"The public sector has a problem, but three provinces are the most problematic – it's Gauteng, Limpopo and the Eastern Cape. We've replaced the healthcare system with the 'tender-care' system and it's the ANC that must repair that. People went out on a rampage, ordering things that had nothing to do with healthcare. It's been happening on a massive scale in Gauteng and Limpopo for some five or 10 years – and now we are paying the price," he said.
He said those who issued health tenders for things that had nothing to do with health were driven by "uncontrolled commercialism".
Motsoaledi was addressing an event held on Wednesday evening by the ANC's Rivonia Heroes Ward 106, a branch of the ruling party which encompasses affluent parts of Rivonia, Bryanston and Woodmead.
The health minister gave an abridged version of the presentation on National Health Insurance (NHI) that he gave at the ANC policy conference earlier this year.
Motsoaledi said there were instances in which hi-tech equipment was bought from reputable companies but their maintenance programmes were shunned in favour of BEE contractors who had "never repaired a machine in [their] life".
"It causes havoc in the healthcare system," he said.
The result was that some machines that broke down in public hospitals are thrown away and replaced with new ones instead of being repaired. "It costs eight times more than it does to repair," he said.
"We need to have equipment that is essential and it must be repaired by people who are hired by the state, not people who are given [a contract] because they are a BEE [company]. I'm not fighting BEE but it cannot happen at the expense of our people," he said.
Motsoaledi also complained about the tendency in private hospitals towards a "medical arms race" where expensive, nonessential equipment was purchased and the price passed on to the consumer.
Health system overhaul
During the presentation Motsoaledi outlined various projects that the health department is pursuing in order to move towards a preventative healthcare system, that will head off health problems before they becomes more serious and costly to treat.
Apart from improvements in infrastructure and management, there is a R1.2-billion plan to upgrade and expand the country's nursing colleges and a scheme to increase the number of doctors that the country produces each year from 1 200 to 3 600. This will involve increasing the number of places available at the country's medical schools, opening a ninth medical school in Limpopo, and increasing the number of rural students sent to study medicine in Cuba from 80 to 1000.
"When you train human beings it's not expenditure, it's an investment," he said.
Motsoaledi also flighted a number of regulatory measures that would help improve the functioning of the health system. These include an Office of Standards Compliance, which will set minimum health standards that all health facilities must abide by. The establishment of hospital boards – which will function similarly to school governing bodies – will ensure that there is community oversight over healthcare facilities.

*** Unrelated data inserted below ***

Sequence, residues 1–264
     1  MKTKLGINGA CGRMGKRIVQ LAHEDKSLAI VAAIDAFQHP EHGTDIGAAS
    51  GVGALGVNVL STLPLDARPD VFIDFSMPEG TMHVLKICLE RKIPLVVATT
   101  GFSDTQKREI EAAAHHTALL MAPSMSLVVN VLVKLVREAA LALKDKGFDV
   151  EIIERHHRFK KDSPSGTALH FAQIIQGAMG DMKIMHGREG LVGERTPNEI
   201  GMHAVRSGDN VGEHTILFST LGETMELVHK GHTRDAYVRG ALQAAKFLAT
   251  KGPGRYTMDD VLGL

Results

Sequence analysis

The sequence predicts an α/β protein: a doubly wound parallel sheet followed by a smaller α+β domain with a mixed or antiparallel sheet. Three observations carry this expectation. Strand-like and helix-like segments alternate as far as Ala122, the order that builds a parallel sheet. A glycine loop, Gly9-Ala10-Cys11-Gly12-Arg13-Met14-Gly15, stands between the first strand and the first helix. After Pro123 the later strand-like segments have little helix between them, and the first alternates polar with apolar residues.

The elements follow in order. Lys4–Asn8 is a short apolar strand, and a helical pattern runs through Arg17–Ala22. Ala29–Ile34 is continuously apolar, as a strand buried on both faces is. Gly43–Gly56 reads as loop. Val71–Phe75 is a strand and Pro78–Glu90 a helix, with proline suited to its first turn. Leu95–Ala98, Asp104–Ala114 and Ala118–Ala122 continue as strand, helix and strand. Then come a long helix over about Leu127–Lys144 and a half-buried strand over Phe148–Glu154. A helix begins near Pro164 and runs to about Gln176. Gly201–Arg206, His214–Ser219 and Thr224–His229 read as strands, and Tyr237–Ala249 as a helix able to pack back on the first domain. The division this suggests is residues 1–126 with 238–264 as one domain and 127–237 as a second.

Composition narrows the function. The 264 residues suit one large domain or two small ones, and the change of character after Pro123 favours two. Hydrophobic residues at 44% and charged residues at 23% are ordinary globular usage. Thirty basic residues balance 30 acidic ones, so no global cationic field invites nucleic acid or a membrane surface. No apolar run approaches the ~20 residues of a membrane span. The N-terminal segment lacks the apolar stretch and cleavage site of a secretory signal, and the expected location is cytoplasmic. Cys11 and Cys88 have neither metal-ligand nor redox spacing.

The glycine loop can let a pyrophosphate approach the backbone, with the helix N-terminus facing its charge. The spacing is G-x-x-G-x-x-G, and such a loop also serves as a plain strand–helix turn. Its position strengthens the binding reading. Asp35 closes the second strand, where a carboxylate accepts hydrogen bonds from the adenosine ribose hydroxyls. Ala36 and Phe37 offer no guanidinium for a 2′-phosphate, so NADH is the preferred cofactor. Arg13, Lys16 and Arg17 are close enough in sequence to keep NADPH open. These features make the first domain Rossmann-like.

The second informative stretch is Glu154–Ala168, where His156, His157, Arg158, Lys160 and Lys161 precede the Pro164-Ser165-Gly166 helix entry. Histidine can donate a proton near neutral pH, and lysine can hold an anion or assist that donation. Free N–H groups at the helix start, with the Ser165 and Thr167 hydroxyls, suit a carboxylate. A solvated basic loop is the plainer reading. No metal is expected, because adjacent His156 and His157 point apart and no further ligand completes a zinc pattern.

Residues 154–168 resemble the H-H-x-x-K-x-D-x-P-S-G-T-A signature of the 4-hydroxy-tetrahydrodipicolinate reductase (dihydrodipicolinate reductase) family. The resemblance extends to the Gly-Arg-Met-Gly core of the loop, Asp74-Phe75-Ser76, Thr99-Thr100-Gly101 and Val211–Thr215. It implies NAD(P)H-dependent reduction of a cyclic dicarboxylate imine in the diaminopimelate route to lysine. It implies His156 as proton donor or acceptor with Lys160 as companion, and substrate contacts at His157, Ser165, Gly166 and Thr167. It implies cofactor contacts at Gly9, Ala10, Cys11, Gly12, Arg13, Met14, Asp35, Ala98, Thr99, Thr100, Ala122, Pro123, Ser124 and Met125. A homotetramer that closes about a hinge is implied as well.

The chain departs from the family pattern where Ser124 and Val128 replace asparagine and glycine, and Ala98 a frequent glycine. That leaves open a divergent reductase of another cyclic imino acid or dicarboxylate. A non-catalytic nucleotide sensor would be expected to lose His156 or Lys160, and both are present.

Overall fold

A school health programme, to be run in conjunction with the department of basic education, would also ensure that every child who attends school will have hearing tests, eye tests and immunizations. They would also be taught about hygiene and, later, substance abuse and family planning.
Towards universal healthcare
Motsoaledi said that the route to NHI was a 14-year plan and that the first five years would be focused on piloting the plan in 10 districts around the country.
He defended the ruling party's push for universal healthcare, saying people who opposed the formation of the NHI in South Africa were "opposing something they don't understand".
"NHI is not a beauty contest between public and private. It means both public and private must work together for the healthcare of the population. It means public healthcare must be of good quality and it means private healthcare must be affordable," he said.
Motsoaledi said that there was a global movement towards universal healthcare and that countries poorer than South Africa had taken meaningful steps to achieve this.
However, he shied away from questions on how the state would pay for NHI.
"I must not be asked questions about how we're going to finance NHI, It's not my job. It's [the job of] the minister of finance," he quipped.
He quoted World Health Organisation director-general Margaret Chan, who earlier this year said: "Moving towards universal coverage is never easy, but every country – at any level of development, and with any level of resources – can take immediate and sustainable steps in that direction."
He also moved to quell fears that government planned to end private healthcare.
"In the ANC there's no policy that says we must abolish private healthcare. That's not what we're fighting. What we're fighting are the excessive prices [of private healthcare], which even the middle class can no longer afford," he said.